Hilton tries hard to lose my business

When it comes to elite status downgrades, the landing can be either hard or soft, and each company in the travel industry has its own rules. Hilton’s harsh and inflexible policy has just made it easier for me to defect — a move I’ve been contemplating for more than a year.

I have previously written columns critical of Hilton HHonors, the hotel chain’s loyalty program. I haven’t enjoyed it, because I like the person in charge of the program — Jeff Diskin, senior vice president for global customer marketing at Hilton Worldwide. However, Hilton HHonors has lost much of its competitiveness in recent years…

UAE mixes aviation and foreign policy

As U.S. and other NATO troops continue to die in Afghanistan, one of the main questions being asked in foreign policy circles is this: How committed are Arab governments to defeating al Qaeda and the Taliban? The United Arab Emirates showed last week that fighting violent extremism is less important than its commercial airlines’ well-being.

Most governments around the world help their carriers in various ways, not only out of national pride, but because a strong airline has a positive impact on a country’s economy. One of the missions of every U.S. embassy is to promote trade and commerce that benefit American companies. That has become an organic part of modern diplomacy.

Western carriers return to Iraq

Iraq may not be among Western travelers’ most desired destinations quite yet, but some of the world’s leading airlines have decided that flying to the war-ravaged country can be profitable, so they are returning there after a 20-year absence.

Although two of Europe’s major carriers — Austrian Airlines and Turkish Airlines — have been serving Iraq since 2008, their re-entry in that market was viewed as only moderately significant at the time, and none of their peers followed suit. Austrian chose Erbil, the capital of Kurdish northern Iraq, which was never nearly as violent as the rest of the country…

Hotels offer flexibility to earn loyalty

What makes a hotel loyalty program most competitive? Is it the elite benefits it grants its best customers or the variety of options it offers for redeeming earned points? Does it matter who’s asking: a program executive or a traveler?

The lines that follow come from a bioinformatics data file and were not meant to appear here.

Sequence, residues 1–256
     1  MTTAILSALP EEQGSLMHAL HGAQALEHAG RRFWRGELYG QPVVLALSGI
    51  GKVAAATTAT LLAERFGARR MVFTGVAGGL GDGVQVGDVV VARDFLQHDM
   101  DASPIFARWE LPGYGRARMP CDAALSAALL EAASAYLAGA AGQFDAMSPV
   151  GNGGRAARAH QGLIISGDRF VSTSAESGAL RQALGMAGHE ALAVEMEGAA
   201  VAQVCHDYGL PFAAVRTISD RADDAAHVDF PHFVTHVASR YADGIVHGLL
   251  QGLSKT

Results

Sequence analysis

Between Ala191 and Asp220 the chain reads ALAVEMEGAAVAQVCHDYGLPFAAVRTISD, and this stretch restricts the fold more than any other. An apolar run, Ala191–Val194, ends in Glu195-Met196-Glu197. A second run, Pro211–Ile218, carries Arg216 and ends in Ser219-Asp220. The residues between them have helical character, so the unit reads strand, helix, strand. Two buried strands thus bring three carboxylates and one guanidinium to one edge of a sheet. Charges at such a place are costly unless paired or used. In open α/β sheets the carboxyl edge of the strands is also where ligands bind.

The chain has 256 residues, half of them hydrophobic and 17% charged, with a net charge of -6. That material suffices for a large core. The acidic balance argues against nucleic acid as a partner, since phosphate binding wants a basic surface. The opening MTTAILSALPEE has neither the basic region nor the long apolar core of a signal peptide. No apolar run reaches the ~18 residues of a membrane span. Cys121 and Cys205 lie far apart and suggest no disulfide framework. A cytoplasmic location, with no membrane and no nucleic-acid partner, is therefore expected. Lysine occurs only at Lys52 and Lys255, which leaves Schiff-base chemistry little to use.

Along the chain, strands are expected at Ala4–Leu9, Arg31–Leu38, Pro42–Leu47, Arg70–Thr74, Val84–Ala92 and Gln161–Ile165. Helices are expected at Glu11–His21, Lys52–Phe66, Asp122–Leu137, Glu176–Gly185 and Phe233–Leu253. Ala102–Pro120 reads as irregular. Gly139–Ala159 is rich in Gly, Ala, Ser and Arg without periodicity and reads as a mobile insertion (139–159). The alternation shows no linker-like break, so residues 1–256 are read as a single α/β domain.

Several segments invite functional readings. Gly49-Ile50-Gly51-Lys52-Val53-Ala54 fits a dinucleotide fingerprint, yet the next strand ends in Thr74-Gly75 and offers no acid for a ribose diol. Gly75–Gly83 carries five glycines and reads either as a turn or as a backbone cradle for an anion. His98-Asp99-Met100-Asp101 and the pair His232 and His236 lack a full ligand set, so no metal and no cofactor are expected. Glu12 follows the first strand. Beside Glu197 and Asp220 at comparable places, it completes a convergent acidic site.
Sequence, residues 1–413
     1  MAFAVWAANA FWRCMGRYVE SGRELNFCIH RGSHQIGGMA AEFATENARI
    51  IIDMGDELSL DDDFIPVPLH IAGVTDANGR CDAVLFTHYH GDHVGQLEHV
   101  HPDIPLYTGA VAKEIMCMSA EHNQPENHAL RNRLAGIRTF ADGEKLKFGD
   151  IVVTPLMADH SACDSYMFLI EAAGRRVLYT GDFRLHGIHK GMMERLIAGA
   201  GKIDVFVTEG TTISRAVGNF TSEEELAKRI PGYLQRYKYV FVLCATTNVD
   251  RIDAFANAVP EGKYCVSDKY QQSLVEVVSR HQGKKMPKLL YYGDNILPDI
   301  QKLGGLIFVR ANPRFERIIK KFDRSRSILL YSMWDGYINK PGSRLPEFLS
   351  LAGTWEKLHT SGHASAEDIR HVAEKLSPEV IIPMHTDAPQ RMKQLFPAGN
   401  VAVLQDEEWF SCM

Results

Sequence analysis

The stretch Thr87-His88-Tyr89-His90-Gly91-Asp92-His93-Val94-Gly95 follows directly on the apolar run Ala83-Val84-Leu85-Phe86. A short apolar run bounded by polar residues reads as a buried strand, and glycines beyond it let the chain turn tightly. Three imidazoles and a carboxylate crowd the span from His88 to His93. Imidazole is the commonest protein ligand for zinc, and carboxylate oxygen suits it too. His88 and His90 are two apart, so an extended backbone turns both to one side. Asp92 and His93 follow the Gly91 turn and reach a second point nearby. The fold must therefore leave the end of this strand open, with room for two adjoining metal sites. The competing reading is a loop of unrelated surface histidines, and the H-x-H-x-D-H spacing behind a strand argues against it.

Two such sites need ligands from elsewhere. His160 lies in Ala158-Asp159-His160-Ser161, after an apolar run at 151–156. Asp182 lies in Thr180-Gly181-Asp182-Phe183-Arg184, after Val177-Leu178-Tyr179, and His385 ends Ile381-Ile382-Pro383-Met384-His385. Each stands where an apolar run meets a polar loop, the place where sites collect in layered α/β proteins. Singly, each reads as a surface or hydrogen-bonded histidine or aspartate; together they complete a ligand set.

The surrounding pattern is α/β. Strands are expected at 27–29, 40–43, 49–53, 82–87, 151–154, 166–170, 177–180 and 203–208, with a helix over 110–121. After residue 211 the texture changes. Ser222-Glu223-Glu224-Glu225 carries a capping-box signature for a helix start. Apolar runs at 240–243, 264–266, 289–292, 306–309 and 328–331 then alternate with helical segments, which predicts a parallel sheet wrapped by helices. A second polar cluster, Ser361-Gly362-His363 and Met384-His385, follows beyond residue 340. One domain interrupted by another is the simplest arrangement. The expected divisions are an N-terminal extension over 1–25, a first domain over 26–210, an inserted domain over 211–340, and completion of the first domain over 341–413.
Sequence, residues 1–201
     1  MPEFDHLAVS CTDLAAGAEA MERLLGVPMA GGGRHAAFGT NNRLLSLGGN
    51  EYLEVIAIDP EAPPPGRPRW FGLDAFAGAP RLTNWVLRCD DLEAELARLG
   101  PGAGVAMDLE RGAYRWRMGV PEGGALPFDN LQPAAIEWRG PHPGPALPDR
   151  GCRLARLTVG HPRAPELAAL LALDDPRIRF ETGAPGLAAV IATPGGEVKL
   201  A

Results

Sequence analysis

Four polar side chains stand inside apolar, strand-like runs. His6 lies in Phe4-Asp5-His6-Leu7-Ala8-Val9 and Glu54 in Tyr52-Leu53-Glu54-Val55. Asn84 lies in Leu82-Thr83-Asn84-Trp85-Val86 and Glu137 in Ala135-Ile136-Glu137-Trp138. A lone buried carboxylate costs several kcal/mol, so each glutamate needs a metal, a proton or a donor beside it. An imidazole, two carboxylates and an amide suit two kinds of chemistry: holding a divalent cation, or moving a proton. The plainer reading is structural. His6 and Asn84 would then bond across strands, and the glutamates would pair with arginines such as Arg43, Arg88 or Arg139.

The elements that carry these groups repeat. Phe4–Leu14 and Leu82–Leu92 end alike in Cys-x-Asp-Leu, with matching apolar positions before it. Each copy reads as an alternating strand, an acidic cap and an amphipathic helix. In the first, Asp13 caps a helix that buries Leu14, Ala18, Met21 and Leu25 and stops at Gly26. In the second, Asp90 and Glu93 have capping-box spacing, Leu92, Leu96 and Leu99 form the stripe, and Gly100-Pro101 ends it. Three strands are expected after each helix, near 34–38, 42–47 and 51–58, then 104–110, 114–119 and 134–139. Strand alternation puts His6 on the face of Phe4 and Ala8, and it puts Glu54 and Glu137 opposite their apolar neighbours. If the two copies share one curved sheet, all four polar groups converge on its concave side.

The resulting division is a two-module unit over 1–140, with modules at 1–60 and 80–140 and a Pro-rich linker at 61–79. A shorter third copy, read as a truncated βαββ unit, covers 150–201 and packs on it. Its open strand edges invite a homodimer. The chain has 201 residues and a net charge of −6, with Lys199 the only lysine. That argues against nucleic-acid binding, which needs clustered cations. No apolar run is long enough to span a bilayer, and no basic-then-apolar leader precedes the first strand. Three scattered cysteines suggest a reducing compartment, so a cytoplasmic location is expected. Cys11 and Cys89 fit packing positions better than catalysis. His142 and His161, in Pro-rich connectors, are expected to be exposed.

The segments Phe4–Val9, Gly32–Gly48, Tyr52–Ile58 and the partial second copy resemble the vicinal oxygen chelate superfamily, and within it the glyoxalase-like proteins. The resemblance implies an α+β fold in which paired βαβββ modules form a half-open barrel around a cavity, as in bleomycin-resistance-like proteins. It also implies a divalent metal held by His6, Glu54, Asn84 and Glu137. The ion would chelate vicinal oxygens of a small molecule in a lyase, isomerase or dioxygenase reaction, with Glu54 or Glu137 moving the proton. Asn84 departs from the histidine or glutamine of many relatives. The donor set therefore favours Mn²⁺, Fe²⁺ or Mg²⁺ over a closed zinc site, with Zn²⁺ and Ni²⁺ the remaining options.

It turns out, it does. As a customer, if I decide to be loyal to a hotel chain, the first thing I do is look up the requirements for achieving top elite status, and then the benefits that status would give me. Only after that do I consider the value of the program’s points. However, Steven S. Sickel, senior vice president for distribution and relationship marketing at the InterContinental Hotels Group, who oversees the chain’s loyalty scheme, Priority Club, has a different perspective…

Airline trade group raps governments

Should the world’s largest airline trade group openly criticize national governments that have enormous power over the industry? How likely is it that politicians will actually listen to that criticism, and could it backfire in the end?

Giovanni Bisignani, director-general of the Geneva-based International Air Transport Association (IATA), seems much more concerned about the industry’s future than not angering governments. In fact, he thinks officials’ failure to adapt their policies to new realities is hurting the airlines. Mr. Bisignani made some daring comments aimed at specific governments at a press conference in Washington last week — in addition to projecting that the industry will lose about $11 billion this year…